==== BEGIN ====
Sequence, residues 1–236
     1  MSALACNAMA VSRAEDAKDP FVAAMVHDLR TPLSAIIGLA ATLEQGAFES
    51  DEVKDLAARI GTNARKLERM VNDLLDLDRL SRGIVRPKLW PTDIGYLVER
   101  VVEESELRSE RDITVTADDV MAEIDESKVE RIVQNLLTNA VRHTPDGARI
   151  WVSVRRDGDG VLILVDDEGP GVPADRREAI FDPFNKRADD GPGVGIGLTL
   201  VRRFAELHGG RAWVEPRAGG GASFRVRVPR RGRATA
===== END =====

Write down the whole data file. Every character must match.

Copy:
Sequence, residues 1–236
     1  MSALACNAMA VSRAEDAKDP FVAAMVHDLR TPLSAIIGLA ATLEQGAFES
    51  DEVKDLAARI GTNARKLERM VNDLLDLDRL SRGIVRPKLW PTDIGYLVER
   101  VVEESELRSE RDITVTADDV MAEIDESKVE RIVQNLLTNA VRHTPDGARI
   151  WVSVRRDGDG VLILVDDEGP GVPADRREAI FDPFNKRADD GPGVGIGLTL
   201  VRRFAELHGG RAWVEPRAGG GASFRVRVPR RGRATA